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I sat in a session yesterday at a scientific meeting and listened to an enthusiast for open data paint rosy pictures of optimal workflows and “idealized data models” (I love that term), talking about unlocking the data hidden within studies and ossified print charts locked in PDFs in order to open up a new day of eScience, in which statistical models and computerized discovery could generate new insights into the world around us.

And as I listened to this, I kept thinking, “The most important insights in science seem to come from outsiders looking at commonly available data in new ways. The assumptions and biases people hold seem as important as the data. How do you account for that?”

If only we could have a reliable database of assumptions and intellectual biases as well.

Statistics provides an important intersection of mathematics and assumptions, with interpretation a key variable that lies somewhat outside the realm of statistics. A recent article in Science News by Tom Siegfried breaks apart some of the reasons we should take a harder look at what we think scientific studies really say, especially when terms like “significance” are thrown around with false confidence.

In fact, “significance” is <ahem> a significant problem in the public understanding and portrayal of science. As Siegfried writes:

A new drug may be statistically better than an old drug, but for every thousand people you treat you might get just one or two additional cures — not clinically significant. Similarly, when studies claim that a chemical causes a “significantly increased risk of cancer,” they often mean that it is just statistically significant, possibly posing only a tiny absolute increase in risk.

It’s not surprising that laypeople or reporters misuse or misunderstand statistical terms, but do scientists themselves understand the terms? One of the slipperiest is the vaunted p-value. Invented by a mathematician measuring agricultural improvements from fertilizers, the probability the p-value measures is the likelihood that the events observed occurred by fluke — not, as some think, the chance that the hypothesis isn’t true. As Andrew Gelman writes in his excellent summary of the comment storm Siegfried’s article started in the relatively anemic statistics blogosphere:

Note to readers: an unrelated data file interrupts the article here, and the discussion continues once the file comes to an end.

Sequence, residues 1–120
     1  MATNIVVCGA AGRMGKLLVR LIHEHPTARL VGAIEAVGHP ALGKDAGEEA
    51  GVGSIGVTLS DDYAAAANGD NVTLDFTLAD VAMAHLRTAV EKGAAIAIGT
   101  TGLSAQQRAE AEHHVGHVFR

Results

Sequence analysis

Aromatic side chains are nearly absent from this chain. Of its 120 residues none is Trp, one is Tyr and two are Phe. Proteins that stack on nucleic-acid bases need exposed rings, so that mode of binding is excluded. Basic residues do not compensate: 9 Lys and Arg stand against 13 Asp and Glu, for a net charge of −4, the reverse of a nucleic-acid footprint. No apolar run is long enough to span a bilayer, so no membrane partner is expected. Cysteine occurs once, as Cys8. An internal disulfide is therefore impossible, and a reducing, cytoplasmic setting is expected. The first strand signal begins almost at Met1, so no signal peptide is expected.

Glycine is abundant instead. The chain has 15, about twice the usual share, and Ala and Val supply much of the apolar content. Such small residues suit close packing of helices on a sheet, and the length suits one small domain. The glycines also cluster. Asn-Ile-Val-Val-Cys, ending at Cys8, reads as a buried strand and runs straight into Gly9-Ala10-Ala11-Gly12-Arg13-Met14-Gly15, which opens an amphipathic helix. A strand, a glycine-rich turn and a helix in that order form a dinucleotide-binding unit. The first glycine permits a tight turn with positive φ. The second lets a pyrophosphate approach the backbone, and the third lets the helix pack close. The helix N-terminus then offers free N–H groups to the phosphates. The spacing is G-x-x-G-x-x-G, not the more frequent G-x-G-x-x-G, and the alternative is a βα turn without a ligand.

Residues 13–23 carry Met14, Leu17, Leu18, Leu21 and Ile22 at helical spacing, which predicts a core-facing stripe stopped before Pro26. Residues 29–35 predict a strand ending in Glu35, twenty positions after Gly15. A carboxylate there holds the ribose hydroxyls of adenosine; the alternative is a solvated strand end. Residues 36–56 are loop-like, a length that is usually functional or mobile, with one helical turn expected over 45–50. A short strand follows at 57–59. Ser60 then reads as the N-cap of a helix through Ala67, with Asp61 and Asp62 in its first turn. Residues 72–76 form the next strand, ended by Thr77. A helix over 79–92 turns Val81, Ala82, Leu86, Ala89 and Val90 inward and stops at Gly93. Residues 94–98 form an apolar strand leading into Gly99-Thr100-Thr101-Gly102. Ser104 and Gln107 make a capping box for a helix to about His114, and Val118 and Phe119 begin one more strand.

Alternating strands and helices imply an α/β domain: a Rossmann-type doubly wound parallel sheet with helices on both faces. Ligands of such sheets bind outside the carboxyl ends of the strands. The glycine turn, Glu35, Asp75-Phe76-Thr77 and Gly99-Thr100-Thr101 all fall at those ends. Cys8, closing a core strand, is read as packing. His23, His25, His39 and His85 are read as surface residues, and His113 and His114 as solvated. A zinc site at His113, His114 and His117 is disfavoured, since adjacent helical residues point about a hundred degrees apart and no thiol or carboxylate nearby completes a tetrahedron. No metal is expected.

A p-value is the probability of seeing something as extreme as was observed, if the model were true. It is not under any circumstances a measure of the probability that the model is true.

But aside from the potential for misinterpretation, the problem with p-values can be the fact that they were achieved in very particular circumstances, yet we tend to want to generalize from studies the same way the law generalizes from Supreme Court decisions — as if a study creates intellectual precedence rather than simply ruling on a situation that’s unique and hard to replicate. As Alex Tabarrock writes on Marginal Revolution:

. . . the problems with the p-value is not so much that people misinterpret it but rather that the conditions for the p-value to mean what people think it means are really quite restrictive and difficult to achieve.

This fact becomes all the more glaring when studies are thrown together into a meta-analysis. As Siegfried writes:

Meta-analyses have produced many controversial conclusions. Common claims that antidepressants work no better than placebos, for example, are based on meta-analyses that do not conform to the criteria that would confer validity. Similar problems afflicted a 2007 meta-analysis, published in the New England Journal of Medicine, that attributed increased heart attack risk to the diabetes drug Avandia. Raw data from the combined trials showed that only 55 people in 10,000 had heart attacks when using Avandia, compared with 59 people per 10,000 in comparison groups. But after a series of statistical manipulations, Avandia appeared to confer an increased risk.

In principle, a proper statistical analysis can suggest an actual risk even though the raw numbers show a benefit. But in this case the criteria justifying such statistical manipulations were not met. In some of the trials, Avandia was given along with other drugs. Sometimes the non-Avandia group got placebo pills, while in other trials that group received another drug. And there were no common definitions.

“Across the trials, there was no standard method for identifying or validating outcomes; events . . . may have been missed or misclassified,” Bruce Psaty and Curt Furberg wrote in an editorial accompanying the New England Journal report. “A few events either way might have changed the findings.” [boldface mine]

The ways in which statistics represent a blending of math and assumptions, especially in fields in which indirect observations are often portrayed as direct observations, presents high hurdles for dreams of useful open data. And if we’re only probing the data and not factoring in the assumptions that generated them or the uniqueness of the conditions under which the data were generated, we are going to be misled.

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Kent Anderson

Kent Anderson

Kent Anderson is the CEO of RedLink and RedLink Network, a past-President of SSP, and the founder of the Scholarly Kitchen. He has worked as Publisher at AAAS/Science, CEO/Publisher of JBJS, Inc., a publishing executive at the Massachusetts Medical Society, Publishing Director of the New England Journal of Medicine, and Director of Medical Journals at the American Academy of Pediatrics. Opinions on social media or blogs are his own.

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